Articles in TynBul 59.2 (Nov.2008)

The Last Words of Jacob and Joseph: A Rhetorico-Structural Analysis of Genesis 49:29-33 and 50:24-26
Nicholas P. Lunn (Wycliffe Bible Translators, UK)


This article utilises what is here termed the rhetorico-structural method of analysis with application to the final episodes of Genesis. By means of this approach, the final major section of the book, contrary to what is found in many commentaries, is identified as 49:29–50:26, which is structured in the shape of an inverted parallel pattern. Analysed in this way the pericopae concerning the last words and death of Jacob and the last words and death of Joseph are placed in a corresponding relationship, inviting a comparison between the two. This reveals differences but also an essential unity in the final wishes of each patriarch. Though manifested in different ways their dying requests are governed by a common faith in the future fulfilment of the divine promise to give the offspring of Abraham the land of Canaan. The author's use of a particular literary device to show the appropriateness of Jacob's burial in the cave of Machpelah is identified. Finally, the article offers an explanation for the amount of space the narrative gives to Jacob's burial as contrasted with that of Joseph.

The Shema and Early Christianity
Kim Huat Tan (Trinity Theological College, Singapore)


If Christianity emerged from the matrix of Judaism, how it conducted a dialogue­if it did at all­with the Jewish confession of its unique faith and praxis is a most interesting question. This essay claims not only did this take place frequently, as evident in the deployment of the Shema in many NT passages, it was also a flashpoint of debate between the Church and the Synagogue in the first century. It became an impetus of early Christian theological development, principally in the understanding of the constitution of the eschatological community and the identity of Jesus Christ.

'Known by God': The Meaning and Value of a Neglected Biblical Concept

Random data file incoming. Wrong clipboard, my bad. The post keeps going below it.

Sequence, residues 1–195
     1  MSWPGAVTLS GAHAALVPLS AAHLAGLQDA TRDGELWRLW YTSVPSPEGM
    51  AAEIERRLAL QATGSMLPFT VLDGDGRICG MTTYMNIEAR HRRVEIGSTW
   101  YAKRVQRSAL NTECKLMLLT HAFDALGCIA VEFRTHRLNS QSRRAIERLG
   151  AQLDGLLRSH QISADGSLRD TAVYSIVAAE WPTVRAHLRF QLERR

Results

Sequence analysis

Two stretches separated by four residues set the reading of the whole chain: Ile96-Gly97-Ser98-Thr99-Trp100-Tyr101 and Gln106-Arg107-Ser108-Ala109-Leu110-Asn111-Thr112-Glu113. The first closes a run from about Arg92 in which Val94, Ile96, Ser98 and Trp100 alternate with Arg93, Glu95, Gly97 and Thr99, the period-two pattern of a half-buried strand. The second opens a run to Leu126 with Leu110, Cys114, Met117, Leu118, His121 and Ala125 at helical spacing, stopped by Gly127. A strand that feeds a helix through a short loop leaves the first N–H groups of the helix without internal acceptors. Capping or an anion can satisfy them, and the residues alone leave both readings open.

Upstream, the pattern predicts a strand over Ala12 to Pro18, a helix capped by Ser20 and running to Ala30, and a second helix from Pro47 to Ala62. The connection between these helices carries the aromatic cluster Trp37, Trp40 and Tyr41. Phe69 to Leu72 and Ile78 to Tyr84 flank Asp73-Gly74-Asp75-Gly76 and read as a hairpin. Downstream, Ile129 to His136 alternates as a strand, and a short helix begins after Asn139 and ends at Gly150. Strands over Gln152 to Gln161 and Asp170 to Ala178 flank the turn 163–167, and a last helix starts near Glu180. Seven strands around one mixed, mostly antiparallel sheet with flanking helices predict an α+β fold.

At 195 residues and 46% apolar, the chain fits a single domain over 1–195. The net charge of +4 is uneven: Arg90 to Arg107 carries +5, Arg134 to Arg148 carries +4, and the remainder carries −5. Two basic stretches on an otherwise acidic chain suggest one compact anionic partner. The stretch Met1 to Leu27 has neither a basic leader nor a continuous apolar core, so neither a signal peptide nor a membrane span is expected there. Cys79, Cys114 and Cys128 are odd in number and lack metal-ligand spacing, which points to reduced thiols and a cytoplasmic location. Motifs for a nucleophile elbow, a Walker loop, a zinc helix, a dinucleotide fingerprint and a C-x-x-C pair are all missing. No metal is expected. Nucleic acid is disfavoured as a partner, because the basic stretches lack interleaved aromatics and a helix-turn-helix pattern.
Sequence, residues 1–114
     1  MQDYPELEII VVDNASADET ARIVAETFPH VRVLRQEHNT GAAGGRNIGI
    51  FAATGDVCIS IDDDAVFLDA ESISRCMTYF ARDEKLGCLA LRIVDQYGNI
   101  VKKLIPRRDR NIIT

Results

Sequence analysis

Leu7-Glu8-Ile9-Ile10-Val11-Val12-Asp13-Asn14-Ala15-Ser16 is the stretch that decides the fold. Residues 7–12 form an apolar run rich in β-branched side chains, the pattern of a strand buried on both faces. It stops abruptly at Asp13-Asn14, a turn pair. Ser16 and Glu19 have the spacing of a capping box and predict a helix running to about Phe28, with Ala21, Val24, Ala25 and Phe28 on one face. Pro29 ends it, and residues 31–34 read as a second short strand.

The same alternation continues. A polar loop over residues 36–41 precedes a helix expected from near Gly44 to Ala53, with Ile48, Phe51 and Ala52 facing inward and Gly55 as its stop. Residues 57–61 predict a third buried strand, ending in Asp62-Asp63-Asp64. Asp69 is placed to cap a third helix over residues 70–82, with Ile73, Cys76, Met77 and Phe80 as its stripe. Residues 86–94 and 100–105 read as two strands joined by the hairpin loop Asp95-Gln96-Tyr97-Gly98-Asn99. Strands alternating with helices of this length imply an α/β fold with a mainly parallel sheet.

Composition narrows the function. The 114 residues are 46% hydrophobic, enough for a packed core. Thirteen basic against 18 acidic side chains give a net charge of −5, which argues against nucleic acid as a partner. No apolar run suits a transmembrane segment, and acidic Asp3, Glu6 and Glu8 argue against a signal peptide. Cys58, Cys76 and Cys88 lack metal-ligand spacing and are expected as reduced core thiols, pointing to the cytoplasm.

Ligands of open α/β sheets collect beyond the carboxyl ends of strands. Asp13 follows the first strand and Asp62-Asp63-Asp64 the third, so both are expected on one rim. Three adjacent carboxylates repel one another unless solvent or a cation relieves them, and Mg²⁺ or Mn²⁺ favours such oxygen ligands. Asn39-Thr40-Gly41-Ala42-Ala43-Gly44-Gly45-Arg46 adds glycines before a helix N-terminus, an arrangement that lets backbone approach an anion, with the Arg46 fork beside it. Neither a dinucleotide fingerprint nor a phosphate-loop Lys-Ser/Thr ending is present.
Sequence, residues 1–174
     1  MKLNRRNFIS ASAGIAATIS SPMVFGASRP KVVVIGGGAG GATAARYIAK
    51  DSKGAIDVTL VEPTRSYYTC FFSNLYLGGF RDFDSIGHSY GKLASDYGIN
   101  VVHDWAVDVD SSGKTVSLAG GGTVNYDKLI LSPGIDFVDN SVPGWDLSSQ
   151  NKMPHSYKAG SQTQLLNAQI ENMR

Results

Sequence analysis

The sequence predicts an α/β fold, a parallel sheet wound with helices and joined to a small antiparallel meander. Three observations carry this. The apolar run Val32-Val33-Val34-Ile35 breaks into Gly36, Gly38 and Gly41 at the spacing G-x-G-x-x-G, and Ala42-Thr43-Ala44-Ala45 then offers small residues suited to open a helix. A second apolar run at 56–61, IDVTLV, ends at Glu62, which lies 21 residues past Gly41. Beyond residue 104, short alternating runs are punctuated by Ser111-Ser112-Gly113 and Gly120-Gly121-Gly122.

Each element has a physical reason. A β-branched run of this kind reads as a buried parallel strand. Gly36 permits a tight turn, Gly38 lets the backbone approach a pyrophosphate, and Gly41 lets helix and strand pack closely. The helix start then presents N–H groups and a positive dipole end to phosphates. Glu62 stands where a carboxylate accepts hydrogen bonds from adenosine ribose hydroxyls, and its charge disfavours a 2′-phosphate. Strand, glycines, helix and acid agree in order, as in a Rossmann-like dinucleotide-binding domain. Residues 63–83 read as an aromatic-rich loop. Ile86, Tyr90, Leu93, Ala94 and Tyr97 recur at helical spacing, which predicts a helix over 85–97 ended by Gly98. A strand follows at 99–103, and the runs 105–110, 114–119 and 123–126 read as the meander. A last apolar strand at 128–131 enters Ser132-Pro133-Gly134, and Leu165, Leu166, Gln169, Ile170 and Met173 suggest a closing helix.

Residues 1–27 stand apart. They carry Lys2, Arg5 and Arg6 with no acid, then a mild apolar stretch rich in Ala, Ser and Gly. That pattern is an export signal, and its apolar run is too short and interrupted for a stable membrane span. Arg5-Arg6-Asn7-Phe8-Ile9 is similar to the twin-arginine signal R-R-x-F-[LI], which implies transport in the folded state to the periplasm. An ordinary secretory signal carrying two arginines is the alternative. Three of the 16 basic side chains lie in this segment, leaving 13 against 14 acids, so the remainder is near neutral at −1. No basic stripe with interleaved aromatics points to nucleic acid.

Brian S. Rosner (Moore College, Macquarie University, Sydney)


Despite the fact that being known by God is a critical concept in biblical theology it is sorely neglected in biblical exegesis and theology. This introductory article seeks to revive interest in the doctrine by reflecting on its definition and by considering its pastoral function in the Bible and in early Jewish texts. It argues that being known by God is roughly equivalent to three related notions: belonging to God, being loved or chosen by God, and being a child or son of God. With respect to the use to which it is put in the relevant texts, whereas not being known by God adds severity to dire warnings, being known by God promotes humility and supplies comfort and security. The implications of a biblical doctrine of being known by God for Christology, Anthropology, and Ethics are also briefly considered.

Tiberius Claudius Dinippus and the Food Shortages in Corinth
Barry N. Danylak (St Edmund's College, Cambridge)


The question of food shortages in Corinth in the mid-first century AD has special interest for the study of Paul's letters to the Corinthian church. The letters are replete with food vocabulary, and give special attention to several food related issues within the community. A number of recent scholars have proposed that the reference to 'the present distress' ( ) in 1 Corinthians 7:26 is a reference to a food shortage occurring in Corinth around the time of Paul's visit to the city in AD 51. This paper aims to examine all the available epigraphic evidence for the office of curator of the grain supply (curator annonae) in Corinth, and those who served in the office. Special attention will be given to reconstructing the career of Tiberius Claudius Dinippus, who served as curator in the mid-first century, to reassess when and how long he probably served the office. The study confirms that there was a longstanding recurring pattern of food shortage in the city; such a crisis was especially acute in the period around AD 51, when Paul had contact with the city.